We need to talk about the Robin Danielson Act
Here’s something we don’t talk about, like, ever, but probably should – the safety of the feminine hygiene products we use every month when Aunt Flo comes to town.
Right now, most major companies that make pads and tampons do their own private research and hand it over to the Food and Drug Administration, meaning that while there is some level of standardized safety, the crux of it is left to the companies that profit from your menstrual cycle.
To that end, Rep. Carolyn Maloney (D-NY) has reintroduced a bill that seeks to research the possible dangers of feminine care products, and have said research carried out by the National Institutes of Health rather than private companies. The bill is called the Robin Danielson Act, and is named for a woman who died from toxic shock syndrome (the warning about that is on your box of tampons).
“American women spend well over $2 billion per year on feminine hygiene products, and the average woman will use over 16,800 tampons and pads over the course of her lifetime,” Maloney told RH Reality Check. “Despite this large investment and high usage, there has been limited research on the potential health risks these products may pose to women.”
That’s deeply concerning.
As RH Reality Check reports, it’s way too hard for your Average Jane to know whether or not her tampon is really safe or even if it contains trace amounts of toxins.
In addition to clearing up safety testing on the tampons themselves, the Robin Danielson Act is also looking into answering questions about the long-term use of tampons and what possible hazards synthetic fibers and chemicals like dioxins have on the body over the years.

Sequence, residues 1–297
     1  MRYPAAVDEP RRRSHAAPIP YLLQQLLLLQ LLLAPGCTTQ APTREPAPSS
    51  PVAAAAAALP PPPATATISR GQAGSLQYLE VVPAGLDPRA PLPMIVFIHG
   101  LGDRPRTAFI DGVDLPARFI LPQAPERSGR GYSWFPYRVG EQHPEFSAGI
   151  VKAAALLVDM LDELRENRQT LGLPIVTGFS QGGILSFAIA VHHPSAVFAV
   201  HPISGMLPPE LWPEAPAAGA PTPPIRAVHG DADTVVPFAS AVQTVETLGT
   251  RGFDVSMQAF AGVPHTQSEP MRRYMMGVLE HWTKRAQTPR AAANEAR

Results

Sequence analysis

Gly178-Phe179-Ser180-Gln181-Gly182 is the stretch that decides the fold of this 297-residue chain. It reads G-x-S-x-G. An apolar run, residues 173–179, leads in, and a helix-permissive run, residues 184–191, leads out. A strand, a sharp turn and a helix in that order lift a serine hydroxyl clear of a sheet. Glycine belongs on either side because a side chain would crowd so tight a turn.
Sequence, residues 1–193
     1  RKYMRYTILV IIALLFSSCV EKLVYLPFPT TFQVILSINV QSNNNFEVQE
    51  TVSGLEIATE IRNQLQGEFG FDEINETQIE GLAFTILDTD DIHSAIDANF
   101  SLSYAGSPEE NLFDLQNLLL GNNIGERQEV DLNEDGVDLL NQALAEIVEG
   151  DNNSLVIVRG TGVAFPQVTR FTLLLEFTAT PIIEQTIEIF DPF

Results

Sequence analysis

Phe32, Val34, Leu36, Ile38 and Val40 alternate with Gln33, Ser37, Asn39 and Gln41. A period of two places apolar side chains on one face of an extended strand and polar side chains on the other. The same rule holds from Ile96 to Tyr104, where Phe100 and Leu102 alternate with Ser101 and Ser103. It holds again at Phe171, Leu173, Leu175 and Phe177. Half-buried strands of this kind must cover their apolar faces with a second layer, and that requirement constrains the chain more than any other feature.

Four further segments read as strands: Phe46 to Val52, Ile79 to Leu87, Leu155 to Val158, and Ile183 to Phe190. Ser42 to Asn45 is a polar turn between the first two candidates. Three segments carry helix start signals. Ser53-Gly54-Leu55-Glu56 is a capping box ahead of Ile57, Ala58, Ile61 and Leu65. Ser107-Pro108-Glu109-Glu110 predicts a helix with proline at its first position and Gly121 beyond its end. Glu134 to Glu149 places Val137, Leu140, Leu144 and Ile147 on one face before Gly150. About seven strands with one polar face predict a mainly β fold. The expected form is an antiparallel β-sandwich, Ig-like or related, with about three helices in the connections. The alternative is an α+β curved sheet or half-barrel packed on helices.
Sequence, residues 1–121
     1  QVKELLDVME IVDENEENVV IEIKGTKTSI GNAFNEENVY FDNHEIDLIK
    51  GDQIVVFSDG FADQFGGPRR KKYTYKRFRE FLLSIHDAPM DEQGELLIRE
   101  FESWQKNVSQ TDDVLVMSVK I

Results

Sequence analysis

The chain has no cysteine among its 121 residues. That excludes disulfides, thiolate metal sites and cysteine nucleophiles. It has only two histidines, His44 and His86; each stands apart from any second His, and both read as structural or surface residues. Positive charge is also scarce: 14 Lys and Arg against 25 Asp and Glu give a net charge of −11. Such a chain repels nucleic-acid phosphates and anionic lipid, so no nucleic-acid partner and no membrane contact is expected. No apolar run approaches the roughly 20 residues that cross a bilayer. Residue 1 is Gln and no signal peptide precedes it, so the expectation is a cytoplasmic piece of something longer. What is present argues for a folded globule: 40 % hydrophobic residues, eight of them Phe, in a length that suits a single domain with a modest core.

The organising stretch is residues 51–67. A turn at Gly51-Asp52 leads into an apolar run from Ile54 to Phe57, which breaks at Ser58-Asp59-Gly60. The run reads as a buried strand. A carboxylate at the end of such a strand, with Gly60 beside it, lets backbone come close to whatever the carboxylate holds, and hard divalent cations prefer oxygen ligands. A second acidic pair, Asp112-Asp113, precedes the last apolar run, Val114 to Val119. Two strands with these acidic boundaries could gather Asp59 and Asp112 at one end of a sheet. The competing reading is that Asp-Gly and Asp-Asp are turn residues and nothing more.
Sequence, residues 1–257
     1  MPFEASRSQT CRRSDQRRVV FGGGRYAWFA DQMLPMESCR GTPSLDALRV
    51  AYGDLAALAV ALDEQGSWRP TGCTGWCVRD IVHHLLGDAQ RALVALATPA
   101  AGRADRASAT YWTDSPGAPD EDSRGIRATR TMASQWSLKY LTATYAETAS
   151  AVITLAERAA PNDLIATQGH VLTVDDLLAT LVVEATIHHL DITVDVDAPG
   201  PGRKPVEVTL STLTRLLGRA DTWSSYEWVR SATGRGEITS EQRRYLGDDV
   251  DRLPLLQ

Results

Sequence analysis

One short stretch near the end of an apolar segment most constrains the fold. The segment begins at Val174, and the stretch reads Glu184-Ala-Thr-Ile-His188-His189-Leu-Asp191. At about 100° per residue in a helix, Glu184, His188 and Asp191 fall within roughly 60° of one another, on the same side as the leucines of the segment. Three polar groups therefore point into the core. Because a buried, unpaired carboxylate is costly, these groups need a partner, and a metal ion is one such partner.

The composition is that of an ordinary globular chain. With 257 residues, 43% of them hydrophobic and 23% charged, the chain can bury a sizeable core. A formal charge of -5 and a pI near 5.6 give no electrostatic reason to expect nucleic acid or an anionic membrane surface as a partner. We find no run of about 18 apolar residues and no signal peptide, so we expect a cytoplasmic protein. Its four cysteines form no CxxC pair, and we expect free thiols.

Maloney first presented the bill to Congress in 1997, a year before Danielson died, but as RH Reality Check notes, the proposed bill has been tossed out a dizzying nine times in all. Reps for Maloney’s office couldn’t clarify why exactly that happened.
The biggest issue with the status quo, is that apart from not really knowing the safety of the products we put inside our bodies every month, these tampon companies have zero obligation to release the reports they give the FDA to the public. So millions of women are in the dark about their own health.
For Maloney, this is a battle to make basic information readily available to the women using these products regularly.
“The reality is menstrual health has been considered a taboo subject for far too long,” she told RH Reality Check. “My legislation will give women the ability to make more informed decisions as they seek to lead healthy lives.”
And that’s some information that’s been long overdue.